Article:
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Book review: Beyond Flying: Rethinking air travel in a globally connected world – Chris Watson (2014)



Is flying inevitable? Can a fulfilled, successful, enjoyable life be lived without boarding a plane?

Aviation is a massive contributor to climate change. Every plane in the sky pumps more greenhouse gasses into the heavens.  All estimates predict the global number of flights will rise rapidly this century, driven by a booming population and an expanding middle class.

Should such projections come through, world leaders may be fighting against climate change with one hand tied behind their back. 

Faced with this scenario, environmentalists have become concerned whether we – the lucky few who can afford to worry about flying – will ever accept a more sustainable, less convenient alternative.

In his new book, Chris Watson, a New Zealand architect from an airline family, delves into the experiences of people who have done just that.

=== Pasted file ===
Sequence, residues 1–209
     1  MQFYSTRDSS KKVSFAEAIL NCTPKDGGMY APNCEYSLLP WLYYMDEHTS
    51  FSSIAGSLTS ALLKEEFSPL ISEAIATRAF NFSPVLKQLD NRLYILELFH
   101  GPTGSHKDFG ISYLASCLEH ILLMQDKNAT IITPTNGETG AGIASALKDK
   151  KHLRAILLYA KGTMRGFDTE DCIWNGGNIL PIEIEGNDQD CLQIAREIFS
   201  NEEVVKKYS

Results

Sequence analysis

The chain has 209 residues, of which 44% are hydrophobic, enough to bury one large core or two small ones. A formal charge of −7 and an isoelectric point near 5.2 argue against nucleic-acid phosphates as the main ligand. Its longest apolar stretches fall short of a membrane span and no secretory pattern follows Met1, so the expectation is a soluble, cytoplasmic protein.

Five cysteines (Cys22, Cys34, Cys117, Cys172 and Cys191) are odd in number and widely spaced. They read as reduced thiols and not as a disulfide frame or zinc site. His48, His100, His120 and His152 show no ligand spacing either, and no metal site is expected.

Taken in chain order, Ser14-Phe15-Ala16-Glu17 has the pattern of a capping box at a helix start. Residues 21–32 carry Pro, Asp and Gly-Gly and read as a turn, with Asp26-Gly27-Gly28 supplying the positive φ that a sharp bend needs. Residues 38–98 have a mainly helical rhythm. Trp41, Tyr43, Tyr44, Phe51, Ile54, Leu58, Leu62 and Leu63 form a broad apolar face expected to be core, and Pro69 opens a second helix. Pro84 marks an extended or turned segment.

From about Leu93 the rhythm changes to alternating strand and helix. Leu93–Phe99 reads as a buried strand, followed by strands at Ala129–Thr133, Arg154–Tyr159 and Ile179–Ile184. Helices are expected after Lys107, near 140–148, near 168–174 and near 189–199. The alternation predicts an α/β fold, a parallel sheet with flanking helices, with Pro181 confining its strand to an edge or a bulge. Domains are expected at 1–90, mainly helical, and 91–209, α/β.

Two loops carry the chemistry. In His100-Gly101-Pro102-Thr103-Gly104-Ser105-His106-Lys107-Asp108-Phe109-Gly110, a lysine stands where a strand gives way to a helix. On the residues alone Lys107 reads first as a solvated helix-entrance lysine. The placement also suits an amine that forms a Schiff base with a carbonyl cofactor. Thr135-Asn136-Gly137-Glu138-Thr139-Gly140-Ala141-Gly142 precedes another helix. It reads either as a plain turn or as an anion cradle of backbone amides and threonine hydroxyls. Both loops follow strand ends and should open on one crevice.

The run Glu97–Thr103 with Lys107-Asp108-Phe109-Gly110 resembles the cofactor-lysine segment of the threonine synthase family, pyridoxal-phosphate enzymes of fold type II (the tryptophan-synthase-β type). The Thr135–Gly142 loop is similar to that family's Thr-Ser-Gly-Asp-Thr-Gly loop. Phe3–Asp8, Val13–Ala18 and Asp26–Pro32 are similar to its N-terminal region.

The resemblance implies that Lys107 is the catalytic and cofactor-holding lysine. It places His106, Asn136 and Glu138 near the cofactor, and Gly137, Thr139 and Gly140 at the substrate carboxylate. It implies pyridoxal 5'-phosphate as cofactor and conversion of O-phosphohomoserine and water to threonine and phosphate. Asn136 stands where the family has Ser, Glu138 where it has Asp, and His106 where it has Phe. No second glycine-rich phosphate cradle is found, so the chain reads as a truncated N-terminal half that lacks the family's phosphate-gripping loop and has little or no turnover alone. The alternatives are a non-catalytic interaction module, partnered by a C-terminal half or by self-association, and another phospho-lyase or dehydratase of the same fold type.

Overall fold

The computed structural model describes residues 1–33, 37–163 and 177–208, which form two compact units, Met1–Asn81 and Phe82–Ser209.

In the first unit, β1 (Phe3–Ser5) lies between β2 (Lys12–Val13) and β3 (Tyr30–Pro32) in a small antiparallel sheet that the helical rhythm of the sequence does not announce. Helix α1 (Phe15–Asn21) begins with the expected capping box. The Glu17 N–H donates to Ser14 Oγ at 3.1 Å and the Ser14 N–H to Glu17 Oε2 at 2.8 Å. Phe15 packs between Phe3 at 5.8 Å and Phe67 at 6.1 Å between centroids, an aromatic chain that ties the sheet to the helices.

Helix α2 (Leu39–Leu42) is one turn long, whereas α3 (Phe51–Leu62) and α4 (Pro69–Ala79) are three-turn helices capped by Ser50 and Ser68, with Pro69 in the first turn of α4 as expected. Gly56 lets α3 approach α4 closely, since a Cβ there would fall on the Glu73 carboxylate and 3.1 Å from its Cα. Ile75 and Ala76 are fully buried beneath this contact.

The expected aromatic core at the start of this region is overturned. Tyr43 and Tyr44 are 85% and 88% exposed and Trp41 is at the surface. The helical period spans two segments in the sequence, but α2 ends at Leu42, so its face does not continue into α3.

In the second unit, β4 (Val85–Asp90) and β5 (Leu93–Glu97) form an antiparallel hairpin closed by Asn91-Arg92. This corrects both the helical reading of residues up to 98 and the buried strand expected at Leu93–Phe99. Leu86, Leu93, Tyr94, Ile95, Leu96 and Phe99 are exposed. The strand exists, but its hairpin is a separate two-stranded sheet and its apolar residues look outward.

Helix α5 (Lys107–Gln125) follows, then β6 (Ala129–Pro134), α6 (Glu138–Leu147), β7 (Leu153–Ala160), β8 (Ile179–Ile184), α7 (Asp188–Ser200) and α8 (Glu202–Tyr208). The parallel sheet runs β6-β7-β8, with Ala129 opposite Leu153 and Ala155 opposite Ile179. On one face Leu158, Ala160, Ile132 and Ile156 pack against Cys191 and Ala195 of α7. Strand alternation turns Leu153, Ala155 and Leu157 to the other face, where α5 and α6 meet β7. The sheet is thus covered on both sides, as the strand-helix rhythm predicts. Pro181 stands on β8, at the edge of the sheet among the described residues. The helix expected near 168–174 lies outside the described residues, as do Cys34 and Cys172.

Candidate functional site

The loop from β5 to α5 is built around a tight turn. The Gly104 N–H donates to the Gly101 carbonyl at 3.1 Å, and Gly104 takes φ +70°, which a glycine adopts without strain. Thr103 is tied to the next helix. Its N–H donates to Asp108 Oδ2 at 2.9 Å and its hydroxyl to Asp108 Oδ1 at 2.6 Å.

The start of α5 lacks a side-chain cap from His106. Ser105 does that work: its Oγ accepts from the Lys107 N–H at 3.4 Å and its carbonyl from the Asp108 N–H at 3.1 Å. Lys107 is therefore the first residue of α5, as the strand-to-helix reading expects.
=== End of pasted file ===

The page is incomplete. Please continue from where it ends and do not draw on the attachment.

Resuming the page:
Fourteen contributors from around the world – including lawyers, journalists, scientists and international businesspeople – describe their journeys. And not just the physical, overland journeys made in lieu of air travel, but also the intellectual journeys they made as their perceptions and values were changed forever.

Among them is Kevin Anderson, deputy director of the Tyndall Centre for Climate Change Research, who tells how a 20-day train journey from Britain to China was the most productive period of his academic career. 

Watson himself talks about his “green travel experiment”, a lifestyle change he embarked upon after reading the dire warnings of climate change projections. He found that his business life was unaffected and his travel emissions were drastically cut, while he enjoyed more leisurely and comfortable journeys. 

Many of the authors make compelling arguments in favour of embracing slow travel. Adam Weymouth, who walked from England to Turkey, and Lowanna Doye, who cycled from Oxford to Sydney, in particular offer great accounts of experiences that sound far more appealing than a cramped seat and an in-flight movie.

The book does also detail the difficulties of forgoing flight, and the grief that can be felt when a personal decision puts entire swathes of the world forever out of reach.

But overall, Beyond Flying should contain enough reasoned logic and well-travelled romance to convince all but the most entrenched fliers to at least consider their ways. With pages upon pages of practical advice and moral support, the book also serves as a fine guidebook for those that do.



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